Hand-built and extremely rare, it’s the last example of the kind of cars that made the company’s reputation between the wars
In 1935, Alfa Romeo introduced a new model, the 6C 2300B. Once again, the work of the great Vittorio Jano was to take Alfa Romeo in a new direction by offering one of the first cars available with fully independent suspension-pure racing technology from the current Grand Prix car.
The influence of this engineer cannot be over-estimated, and his superb work was still being used on Alfa production cars into the early 1950s, long after his departure from the company. Felice Bianchi Anderloni was head of the testing department at Isotta Fraschini. Through a temporary stake from Cesare Isotta and the brothers Fraschini, in 1927 he was able to buy a coachbuilding company, Carrozzeria Falco, which became Carrozzeria Touring of Milan.
He knew the enemy of performance was weight and was determined to deal with the legacy of weight that stemmed from the wood-framed horse carriages of the past. Felice had an idea he had developed from his interest in aircraft construction, a semi-rigid system of stretching aluminum panels over light steel tubes. By 1937, Anderloni’s perfected system required a patent, which was secured in the name of Superleggera by Touring of Milan.
At the end of the war, Alfa Romeo’s factories had largely been reduced to rubble and they had lost over two-thirds of their production equipment. By 1947, car construction slowly restarted with the prewar 1939 6C 2500 series. Still hand-built on an order for order basis, the factory offered the Freccia d’Oro coupe, and as usual, customers could order their coachwork from a host of Italian and European firms.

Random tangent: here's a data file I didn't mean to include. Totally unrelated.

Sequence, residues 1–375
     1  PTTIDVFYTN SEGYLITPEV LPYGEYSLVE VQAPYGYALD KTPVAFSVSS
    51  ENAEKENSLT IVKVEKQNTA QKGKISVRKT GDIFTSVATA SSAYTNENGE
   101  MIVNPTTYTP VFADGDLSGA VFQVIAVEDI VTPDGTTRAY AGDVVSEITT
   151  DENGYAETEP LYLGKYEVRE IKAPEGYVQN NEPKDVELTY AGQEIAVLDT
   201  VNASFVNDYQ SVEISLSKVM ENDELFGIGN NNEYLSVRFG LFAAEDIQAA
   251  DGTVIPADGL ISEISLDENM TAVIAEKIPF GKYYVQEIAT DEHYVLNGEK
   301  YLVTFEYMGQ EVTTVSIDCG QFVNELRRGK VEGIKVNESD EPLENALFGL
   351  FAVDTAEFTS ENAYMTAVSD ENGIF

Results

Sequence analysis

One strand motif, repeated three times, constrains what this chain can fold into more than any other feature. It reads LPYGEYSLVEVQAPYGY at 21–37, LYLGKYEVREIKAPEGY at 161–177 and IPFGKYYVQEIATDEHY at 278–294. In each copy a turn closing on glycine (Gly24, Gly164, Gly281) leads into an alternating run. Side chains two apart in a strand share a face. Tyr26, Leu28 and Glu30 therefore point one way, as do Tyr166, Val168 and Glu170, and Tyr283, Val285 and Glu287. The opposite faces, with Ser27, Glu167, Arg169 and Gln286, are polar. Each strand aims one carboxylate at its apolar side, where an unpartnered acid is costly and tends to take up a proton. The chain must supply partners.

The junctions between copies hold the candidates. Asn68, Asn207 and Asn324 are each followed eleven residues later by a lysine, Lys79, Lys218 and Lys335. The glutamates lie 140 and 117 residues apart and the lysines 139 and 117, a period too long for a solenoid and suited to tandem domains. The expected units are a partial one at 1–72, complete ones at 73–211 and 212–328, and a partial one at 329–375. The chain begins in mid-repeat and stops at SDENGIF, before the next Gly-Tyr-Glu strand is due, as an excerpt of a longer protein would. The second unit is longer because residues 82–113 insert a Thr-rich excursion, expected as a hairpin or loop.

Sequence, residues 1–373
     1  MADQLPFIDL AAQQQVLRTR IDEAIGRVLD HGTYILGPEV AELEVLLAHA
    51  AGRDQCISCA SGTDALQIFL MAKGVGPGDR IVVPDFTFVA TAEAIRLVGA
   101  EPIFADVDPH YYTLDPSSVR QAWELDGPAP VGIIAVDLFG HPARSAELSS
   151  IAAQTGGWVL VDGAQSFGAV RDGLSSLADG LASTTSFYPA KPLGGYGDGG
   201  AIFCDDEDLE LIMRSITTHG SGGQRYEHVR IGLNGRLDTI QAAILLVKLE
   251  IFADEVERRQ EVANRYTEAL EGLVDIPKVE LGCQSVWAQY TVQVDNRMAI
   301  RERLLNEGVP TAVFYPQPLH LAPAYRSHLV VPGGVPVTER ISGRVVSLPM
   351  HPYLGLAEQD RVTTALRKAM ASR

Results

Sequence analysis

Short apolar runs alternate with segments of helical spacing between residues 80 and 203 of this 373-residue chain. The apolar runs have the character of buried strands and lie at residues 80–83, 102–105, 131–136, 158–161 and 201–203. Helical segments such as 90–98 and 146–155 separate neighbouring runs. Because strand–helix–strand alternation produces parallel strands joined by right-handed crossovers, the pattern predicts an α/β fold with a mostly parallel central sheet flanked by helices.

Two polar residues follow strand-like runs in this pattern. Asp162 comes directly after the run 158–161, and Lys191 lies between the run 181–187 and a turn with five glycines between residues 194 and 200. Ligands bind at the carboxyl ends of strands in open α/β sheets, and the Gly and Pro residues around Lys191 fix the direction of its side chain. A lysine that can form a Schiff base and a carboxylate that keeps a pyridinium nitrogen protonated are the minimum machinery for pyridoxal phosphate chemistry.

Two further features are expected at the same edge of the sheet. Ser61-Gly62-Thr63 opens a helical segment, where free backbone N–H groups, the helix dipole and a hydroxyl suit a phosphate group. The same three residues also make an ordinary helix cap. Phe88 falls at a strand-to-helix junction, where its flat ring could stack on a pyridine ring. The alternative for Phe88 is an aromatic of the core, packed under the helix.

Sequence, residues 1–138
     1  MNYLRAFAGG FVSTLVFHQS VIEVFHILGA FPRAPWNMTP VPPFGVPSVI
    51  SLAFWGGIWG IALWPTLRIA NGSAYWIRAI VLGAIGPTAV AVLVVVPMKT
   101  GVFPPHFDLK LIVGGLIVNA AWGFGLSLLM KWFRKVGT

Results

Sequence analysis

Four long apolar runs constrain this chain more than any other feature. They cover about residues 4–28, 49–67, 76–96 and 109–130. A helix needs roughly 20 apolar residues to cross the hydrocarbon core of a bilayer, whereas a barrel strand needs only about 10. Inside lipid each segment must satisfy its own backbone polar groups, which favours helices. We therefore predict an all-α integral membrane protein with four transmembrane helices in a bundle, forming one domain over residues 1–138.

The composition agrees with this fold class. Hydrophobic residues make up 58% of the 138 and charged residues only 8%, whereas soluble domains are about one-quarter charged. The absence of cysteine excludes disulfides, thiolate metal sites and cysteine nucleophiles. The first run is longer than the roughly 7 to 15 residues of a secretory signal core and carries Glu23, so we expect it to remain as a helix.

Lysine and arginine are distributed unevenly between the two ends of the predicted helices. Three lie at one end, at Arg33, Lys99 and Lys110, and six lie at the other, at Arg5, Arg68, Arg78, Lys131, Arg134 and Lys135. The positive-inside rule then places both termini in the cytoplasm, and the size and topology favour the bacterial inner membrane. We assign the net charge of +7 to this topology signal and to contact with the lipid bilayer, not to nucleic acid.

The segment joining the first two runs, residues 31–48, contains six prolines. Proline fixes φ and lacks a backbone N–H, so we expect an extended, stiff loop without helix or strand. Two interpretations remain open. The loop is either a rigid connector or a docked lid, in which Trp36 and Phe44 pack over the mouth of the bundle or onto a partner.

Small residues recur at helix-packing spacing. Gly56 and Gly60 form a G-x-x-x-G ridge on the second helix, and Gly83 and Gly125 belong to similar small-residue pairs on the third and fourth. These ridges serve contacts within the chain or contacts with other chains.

The model range included Turismo, Gran Turismo, and Sport on the long chassis and Super Sport and Corsa on the short chassis. The final development of the 2500 Super Sport engine for the road offered 110 hp.
The magnificent Villa d’Este on the shores of Lake Como dates from 1568. By 1925, the ownership passed into the hands of the Municipality of Como, which turned it into a magnificent hotel. In 1929, the first major concours d’elegance for automobiles was held in the surrounds of the hotel. Touring showed a new coupe there in 1949, executed on the 6C 2500 Super Sport, and received the Gran Premio Referendum (People’s Choice). Since that day, this design has been designated “Villa d’Este.” Just 36 cars in total were made, all coupes except for four cabriolets on the long wheelbase and one short-wheelbase cabriolet.
This 1952 6C 2500 Villa d’Este is one of the last of the series, a long-wheelbase cabriolet from 1952 and has a documented provenance from new, with five U.S. owners, the first of which took delivery in Europe. The present keeper purchased the car in 1997, and that same year a lengthy and detailed restoration was undertaken by Eric Rosenall of Ramona, California.